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Hey, I was wondering if anyone knew how I could compress a tarball file with gzip. I checked out this already and compressed a tarball successfully, although I want to then compress that tarball with gzip instead of libbz2.

I have also tried implementing the gztack function from the gzappend.c example from the zlib source code. but ended up getting a bunch of errors and deprecating warnings, so I figured I won't get much out of a deprecated example.

Does anyone know how I can achieve this, preferably with the zlib library?

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2  
By far the easiest way to do this is to pass the z option to tar when you create the tar file. What's your motivation for wanting to do this in C++? – Greg Hewgill Feb 14 '11 at 2:05
1  
My motivation is that I want this to be cross platform and usually on other platforms they won't have tar installed in the system. – MetaDark Feb 14 '11 at 2:07
2  
which linux platforms do not have tar? – Sam Miller Feb 14 '11 at 2:12
    
Not sure, I just put linux as a tag because that is what I am currently working with, I will probably use Windows/Mac in the future. It just doesn't seem right using a system call, even if you are sure MOST of the platforms you are developing it for should have it. – MetaDark Feb 14 '11 at 2:15
    
@Sam Back in the bronze age some of the one- and two-floppy systems didn't have gnutar and you had to zip them separately. Aside from that I haven't a clue. – dmckee Feb 14 '11 at 2:15
up vote 4 down vote accepted

Use the zlib routines gzopen to open a compressed stream, gcwrite to write data to it and compress it, and gzclose to close it. Here's a complete program that compresses one file to another:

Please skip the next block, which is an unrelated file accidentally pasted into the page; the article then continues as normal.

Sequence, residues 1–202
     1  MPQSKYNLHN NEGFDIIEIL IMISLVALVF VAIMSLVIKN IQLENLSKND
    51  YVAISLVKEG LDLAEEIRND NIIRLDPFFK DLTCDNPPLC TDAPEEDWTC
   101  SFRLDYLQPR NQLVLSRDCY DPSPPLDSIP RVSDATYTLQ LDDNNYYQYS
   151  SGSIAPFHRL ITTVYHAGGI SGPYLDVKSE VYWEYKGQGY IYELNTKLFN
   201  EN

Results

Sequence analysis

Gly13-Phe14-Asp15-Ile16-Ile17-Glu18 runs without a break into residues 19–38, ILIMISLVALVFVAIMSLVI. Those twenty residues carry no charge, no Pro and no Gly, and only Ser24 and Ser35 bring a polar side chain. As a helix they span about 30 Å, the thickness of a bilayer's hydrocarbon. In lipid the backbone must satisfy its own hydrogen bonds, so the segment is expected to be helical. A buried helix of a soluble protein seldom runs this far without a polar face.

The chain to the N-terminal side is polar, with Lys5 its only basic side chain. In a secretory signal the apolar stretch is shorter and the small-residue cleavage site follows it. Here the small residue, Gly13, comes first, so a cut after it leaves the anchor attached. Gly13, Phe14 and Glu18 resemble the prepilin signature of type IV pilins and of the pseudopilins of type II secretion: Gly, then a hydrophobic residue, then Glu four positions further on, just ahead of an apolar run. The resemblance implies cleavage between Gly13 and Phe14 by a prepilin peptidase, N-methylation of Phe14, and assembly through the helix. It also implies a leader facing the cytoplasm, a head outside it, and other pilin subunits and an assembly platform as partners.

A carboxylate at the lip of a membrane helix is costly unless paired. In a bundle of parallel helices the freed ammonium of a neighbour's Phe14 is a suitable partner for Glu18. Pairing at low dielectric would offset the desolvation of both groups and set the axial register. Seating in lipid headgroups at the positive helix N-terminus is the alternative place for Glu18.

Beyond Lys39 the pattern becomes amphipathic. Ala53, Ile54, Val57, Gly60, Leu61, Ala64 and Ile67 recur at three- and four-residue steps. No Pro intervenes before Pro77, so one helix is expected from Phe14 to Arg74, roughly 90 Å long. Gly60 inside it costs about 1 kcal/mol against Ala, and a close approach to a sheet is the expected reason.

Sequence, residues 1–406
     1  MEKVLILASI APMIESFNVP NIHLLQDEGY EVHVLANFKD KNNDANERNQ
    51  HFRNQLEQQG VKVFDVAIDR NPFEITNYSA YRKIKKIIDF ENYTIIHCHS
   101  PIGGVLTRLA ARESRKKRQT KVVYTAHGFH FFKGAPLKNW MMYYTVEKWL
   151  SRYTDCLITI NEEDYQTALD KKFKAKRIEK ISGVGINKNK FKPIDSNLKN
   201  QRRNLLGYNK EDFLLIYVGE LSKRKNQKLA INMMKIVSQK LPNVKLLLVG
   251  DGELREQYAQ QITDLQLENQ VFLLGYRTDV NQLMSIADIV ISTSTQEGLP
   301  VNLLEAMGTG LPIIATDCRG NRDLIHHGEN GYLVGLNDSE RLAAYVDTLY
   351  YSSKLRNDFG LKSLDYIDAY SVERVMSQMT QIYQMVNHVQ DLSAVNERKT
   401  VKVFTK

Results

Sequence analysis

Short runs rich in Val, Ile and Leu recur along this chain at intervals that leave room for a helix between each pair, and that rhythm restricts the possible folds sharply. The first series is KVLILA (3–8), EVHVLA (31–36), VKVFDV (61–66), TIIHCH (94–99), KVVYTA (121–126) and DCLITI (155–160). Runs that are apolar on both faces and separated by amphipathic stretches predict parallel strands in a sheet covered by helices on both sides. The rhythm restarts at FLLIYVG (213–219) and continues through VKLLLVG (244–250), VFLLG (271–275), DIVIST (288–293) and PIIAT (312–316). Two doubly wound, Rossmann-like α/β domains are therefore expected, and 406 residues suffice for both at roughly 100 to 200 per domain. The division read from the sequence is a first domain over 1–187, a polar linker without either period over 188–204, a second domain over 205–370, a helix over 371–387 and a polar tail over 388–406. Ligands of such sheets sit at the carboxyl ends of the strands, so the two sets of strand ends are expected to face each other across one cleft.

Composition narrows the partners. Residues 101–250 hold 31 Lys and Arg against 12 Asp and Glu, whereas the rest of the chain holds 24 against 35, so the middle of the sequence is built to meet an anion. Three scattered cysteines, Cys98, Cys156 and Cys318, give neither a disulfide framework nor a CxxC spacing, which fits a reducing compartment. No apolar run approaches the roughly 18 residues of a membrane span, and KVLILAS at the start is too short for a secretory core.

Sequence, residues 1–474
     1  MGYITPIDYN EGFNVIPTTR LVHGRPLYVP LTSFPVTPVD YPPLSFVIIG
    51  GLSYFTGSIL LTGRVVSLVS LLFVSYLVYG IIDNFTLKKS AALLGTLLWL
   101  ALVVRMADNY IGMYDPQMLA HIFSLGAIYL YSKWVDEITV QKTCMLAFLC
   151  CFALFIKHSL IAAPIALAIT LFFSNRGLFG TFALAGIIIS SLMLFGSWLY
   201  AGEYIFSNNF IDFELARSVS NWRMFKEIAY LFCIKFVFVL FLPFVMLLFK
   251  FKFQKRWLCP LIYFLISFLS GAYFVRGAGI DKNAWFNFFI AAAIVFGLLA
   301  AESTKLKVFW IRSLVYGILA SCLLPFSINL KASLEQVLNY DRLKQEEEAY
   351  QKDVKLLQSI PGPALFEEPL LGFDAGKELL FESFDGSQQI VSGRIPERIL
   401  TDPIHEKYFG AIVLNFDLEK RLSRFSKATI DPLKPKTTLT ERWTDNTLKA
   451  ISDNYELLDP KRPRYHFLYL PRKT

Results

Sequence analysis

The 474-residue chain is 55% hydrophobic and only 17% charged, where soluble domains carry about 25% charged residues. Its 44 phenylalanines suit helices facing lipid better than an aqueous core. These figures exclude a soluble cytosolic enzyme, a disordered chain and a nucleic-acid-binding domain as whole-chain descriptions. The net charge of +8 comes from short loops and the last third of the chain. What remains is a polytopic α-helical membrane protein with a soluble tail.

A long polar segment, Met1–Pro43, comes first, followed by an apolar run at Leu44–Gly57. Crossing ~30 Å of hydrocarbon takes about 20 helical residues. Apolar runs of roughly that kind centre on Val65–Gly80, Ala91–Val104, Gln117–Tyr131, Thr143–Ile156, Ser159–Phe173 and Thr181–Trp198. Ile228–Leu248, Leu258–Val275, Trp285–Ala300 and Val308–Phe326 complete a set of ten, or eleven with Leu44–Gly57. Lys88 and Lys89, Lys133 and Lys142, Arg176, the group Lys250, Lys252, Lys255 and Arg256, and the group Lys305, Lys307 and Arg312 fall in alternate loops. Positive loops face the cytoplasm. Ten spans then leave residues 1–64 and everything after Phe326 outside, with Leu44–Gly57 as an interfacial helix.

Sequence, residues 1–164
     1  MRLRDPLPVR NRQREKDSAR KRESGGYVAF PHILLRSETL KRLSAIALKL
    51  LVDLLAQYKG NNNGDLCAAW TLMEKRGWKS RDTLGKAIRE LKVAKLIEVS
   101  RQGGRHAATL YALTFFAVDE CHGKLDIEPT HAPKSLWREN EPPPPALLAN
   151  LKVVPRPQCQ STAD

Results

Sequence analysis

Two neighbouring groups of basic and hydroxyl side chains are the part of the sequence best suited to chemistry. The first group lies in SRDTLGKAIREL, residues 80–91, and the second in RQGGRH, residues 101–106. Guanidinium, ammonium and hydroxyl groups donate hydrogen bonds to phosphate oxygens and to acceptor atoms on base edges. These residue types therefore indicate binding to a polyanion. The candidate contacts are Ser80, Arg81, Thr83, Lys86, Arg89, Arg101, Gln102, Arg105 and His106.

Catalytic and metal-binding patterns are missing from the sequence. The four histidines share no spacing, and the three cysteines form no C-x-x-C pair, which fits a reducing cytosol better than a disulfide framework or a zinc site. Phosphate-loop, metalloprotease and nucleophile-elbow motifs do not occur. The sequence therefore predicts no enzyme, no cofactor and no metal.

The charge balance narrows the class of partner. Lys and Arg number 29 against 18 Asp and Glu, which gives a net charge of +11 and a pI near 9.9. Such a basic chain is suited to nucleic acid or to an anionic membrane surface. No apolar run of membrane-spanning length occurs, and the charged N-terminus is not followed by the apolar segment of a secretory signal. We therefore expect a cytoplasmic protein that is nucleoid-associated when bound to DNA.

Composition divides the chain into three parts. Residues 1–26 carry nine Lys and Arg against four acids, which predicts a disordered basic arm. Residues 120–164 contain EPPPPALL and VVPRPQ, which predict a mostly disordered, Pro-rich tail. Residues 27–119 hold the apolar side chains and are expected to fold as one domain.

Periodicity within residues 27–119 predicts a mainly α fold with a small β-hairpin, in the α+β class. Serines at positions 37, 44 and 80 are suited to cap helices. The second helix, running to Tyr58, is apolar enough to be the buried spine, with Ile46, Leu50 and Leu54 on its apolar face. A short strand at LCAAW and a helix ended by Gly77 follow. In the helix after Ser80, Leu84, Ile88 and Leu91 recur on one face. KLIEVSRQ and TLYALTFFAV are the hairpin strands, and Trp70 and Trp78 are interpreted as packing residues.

#include <errno.h>
#include <stdio.h>
#include <string.h>
#include <zlib.h>

int main(int argc, char **argv)
{
  if(argc < 3)
  {
    fprintf(stderr, "Usage: %s input output\n", argv[0]);
    return 1;
  }

  // Open input & output files
  FILE *input = fopen(argv[1], "rb");
  if(input == NULL)
  {
    fprintf(stderr, "fopen: %s: %s\n", argv[1], strerror(errno));
    return 1;
  }

  gzFile output = gzopen(argv[2], "wb");
  if(output == NULL)
  {
    fprintf(stderr, "gzopen: %s: %s\n", argv[2], strerror(errno));
    fclose(input);
    return 1;
  }

  // Read in data from the input file, and compress & write it to the
  // output file
  char buffer[8192];
  int N;
  while((N = fread(buffer, 1, sizeof(buffer), input)) > 0)
  {
    gzwrite(output, buffer, N);
  }

  fclose(input);
  gzclose(output);

  return 0;
}

Use it like this:

$ ./mygzip input output.gz
$ diff input <(gunzip < output.gz)  # Verify that it worked
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Have you tried simply using zlib? There's a tutorial here: http://www.zlib.net/zlib_how.html

That's a good way to make a gzip file, certainly. By your stated goals I would assume that using popen() or system() to run a program is not so great (requires the machine to have something else installed, not to mention it's less efficient if you're going to do this a lot).

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There's a clear way to do this in the shell:

gzip ball.tar

You can have the C++ program uses the popen system call to run the command.

You can also write a wrapper to zlib that emulates c++ iostream (for example http://www.cs.unc.edu/Research/compgeom/gzstream/)

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Constructing a const char* argument string for the tar command and passing it into the system() function in cstdlib.h is probably the simplest way to do that. Or using popen(), as Foo Bah's answer mentioned. I find it hard to believe that your target platforms include ones without tar or gzip, as even recovery shells like BusyBox have access to tar. Once system()/popen() returns (check the return code for success obviously), create an ifstream to the compressed file and do whatever you like with it.

EDIT: When you tag something Linux people tend to assume that means specifically and only Linux. Of course tar will not work for standard installs of Windows operating systems, so in that case, yes, provide a bundled zlib dll and use zlib as John mentions.

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